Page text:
Finer than a Cartier jewel.  One of the many Bombardier Beetles. Flickr Commons Eka Permana
Finer than a Cartier jewel. One of the many Bombardier Beetles. Flickr Commons Eka Permana

Comments

    0 of 8192 characters used
    Post Comment

    • profile image

      diogenes 6 years ago

      Gracias! Bob

    • GarnetBird profile image

      Gloria Siess 6 years ago from Wrightwood, California

      Fascinating!

    • diogenes profile image
      Author

      diogenes 6 years ago from UK and Mexico

      What a great story! And so like Darwin. He sure learned a fact about nature that day! Bob

    • A.A. Zavala profile image

      Augustine A Zavala 6 years ago from Texas

      I remember while in biology class in college, and read about Darwin. When he was a child, he was fascinated with bugs and collected him. One day, his hands were full, so he placed a couple of beetles in his mouth for transport. However, they were bombardier beetles and he soon discovered their defence mechanism and spit them out. Fascinating hub.

    • diogenes profile image
      Author

      diogenes 6 years ago from UK and Mexico

      Hi Hanna. Glad they aren't any bigger, make good Hollywood monsters Bob

    • Hello, hello, profile image

      Hello, hello, 6 years ago from London, UK

      I thoroughly enjoyed learnign about these little darlings. Thank you.

    • diogenes profile image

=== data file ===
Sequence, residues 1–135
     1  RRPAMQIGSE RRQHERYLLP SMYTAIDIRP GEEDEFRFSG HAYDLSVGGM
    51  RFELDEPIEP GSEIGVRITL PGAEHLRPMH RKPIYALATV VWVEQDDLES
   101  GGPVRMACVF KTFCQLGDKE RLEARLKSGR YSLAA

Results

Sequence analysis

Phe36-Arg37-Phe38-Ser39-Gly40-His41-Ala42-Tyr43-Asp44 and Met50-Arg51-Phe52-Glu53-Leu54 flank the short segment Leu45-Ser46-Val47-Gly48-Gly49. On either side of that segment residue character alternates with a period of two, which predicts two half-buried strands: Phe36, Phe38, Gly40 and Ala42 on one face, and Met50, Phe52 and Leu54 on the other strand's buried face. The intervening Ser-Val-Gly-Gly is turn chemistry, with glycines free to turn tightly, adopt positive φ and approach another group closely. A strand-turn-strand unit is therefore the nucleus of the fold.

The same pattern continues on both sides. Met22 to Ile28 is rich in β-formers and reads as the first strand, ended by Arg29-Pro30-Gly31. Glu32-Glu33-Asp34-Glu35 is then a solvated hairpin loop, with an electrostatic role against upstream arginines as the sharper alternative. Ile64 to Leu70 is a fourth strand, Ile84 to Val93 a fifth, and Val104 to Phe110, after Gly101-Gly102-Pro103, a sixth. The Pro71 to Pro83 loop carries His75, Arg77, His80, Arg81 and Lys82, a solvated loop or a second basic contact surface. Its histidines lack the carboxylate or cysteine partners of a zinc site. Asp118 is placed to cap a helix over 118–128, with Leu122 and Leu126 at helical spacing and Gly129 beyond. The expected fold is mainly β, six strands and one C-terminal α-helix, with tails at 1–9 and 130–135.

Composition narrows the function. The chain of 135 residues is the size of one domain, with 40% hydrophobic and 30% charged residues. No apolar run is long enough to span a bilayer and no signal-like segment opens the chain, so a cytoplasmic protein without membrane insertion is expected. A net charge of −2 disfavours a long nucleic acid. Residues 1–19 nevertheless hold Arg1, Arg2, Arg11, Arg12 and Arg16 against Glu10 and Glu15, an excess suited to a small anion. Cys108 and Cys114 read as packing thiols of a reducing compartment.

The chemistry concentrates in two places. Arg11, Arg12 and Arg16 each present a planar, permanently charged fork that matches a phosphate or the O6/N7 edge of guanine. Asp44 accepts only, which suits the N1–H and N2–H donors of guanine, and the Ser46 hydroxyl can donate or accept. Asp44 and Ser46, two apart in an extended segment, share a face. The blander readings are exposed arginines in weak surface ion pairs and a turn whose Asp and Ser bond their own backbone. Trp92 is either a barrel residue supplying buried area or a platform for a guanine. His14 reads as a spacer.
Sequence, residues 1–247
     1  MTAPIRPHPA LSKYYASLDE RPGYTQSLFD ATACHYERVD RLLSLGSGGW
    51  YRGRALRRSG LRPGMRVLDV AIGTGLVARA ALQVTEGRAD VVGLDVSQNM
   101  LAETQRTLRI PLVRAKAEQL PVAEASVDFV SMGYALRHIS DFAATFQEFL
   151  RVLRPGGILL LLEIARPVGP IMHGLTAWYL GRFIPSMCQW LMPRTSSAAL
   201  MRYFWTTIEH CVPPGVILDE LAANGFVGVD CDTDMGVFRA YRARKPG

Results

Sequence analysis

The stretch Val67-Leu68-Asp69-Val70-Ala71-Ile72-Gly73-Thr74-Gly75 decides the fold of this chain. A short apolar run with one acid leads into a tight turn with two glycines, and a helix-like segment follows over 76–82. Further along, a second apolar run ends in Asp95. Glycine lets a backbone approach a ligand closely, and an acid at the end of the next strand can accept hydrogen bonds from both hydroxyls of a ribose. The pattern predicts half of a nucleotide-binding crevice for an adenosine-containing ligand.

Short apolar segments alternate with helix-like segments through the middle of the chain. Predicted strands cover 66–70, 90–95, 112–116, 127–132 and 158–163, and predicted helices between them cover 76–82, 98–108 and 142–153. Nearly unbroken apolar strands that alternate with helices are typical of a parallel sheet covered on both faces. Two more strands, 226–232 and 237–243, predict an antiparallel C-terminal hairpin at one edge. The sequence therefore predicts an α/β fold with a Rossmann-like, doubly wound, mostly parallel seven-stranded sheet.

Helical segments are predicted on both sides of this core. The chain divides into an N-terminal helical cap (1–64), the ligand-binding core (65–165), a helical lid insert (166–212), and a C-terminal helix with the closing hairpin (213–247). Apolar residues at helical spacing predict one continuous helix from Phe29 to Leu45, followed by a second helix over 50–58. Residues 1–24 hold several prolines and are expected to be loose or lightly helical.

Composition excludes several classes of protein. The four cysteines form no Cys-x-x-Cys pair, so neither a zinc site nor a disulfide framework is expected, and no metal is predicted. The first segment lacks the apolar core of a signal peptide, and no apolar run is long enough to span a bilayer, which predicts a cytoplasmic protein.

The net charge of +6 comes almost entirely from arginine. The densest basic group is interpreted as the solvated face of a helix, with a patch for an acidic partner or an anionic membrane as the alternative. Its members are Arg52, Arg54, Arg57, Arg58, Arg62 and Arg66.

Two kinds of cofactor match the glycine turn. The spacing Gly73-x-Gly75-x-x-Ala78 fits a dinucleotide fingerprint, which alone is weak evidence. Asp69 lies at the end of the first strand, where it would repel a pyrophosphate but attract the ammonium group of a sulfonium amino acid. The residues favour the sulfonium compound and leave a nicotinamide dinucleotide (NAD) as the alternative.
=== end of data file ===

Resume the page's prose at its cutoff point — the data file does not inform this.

Author

      diogenes 6 years ago from UK and Mexico

      Heck, no! I would exit HP in a hurry and for good if the format demanded politics only. Bob

    • DDS profile image

      David Sproull 6 years ago from Toronto

      "You have obviously missed my earlier hubs which are all about creepies and crawlies"

      Must everyone write about politics? ;-)

    • diogenes profile image
      Author

      diogenes 6 years ago from UK and Mexico

      Unless "here" is in Asia or the South Pole, you will have some of the family members in residence, cspublish. As their defence mechanisms are for emegency defense only, they don't always release the boiling fluid just because someone gently picks them up.

      Hi Bobbi You have obviously missed my earlier hubs which are all about creepies and crawlies...Bob

    • BobbiRant profile image

      BobbiRant 6 years ago from New York

      Cool hub about bugs. Is nature becoming your new niche? That's pretty neat. I enjoyed learning about this little critter and you did a great job introducing him to us.

    • chspublish profile image

      chspublish 6 years ago from Ireland

      Great article, loved reading it. Don't think one such beetle exists here, but an interesting little 'chappie.'

    • diogenes profile image
      Author

      diogenes 6 years ago from UK and Mexico

      Hi Trish. There was a short piece on TV about them so I thought they would have been of interest. Just when you think you have seen it all! Bob

      Thanks DDS...hot might be more appropriate! Bob

      Hi SW...yes: sometimes it's hard to see what's going on unless it burns your fingers! Bob

    • DDS profile image

      David Sproull 6 years ago from Toronto

      Very cool Beetle!

    • Spirit Whisperer profile image

      Xavier Nathan 6 years ago from Isle of Man

      You have written a very interesting article here brining this beautiful creature to life. It is strange how we fail to notice the beauty and complexity of nature all around us as we busy ourselves with thoughts that keep us locked in the prison of our own minds rarely noticing the miracle of life that surrounds us.Thank you for reminding me to notice.

    • Trish_M profile image

      Tricia Mason 6 years ago from The English Midlands

      Wow! What an amazing creature!

      Yes, evolution has produced some real marvels!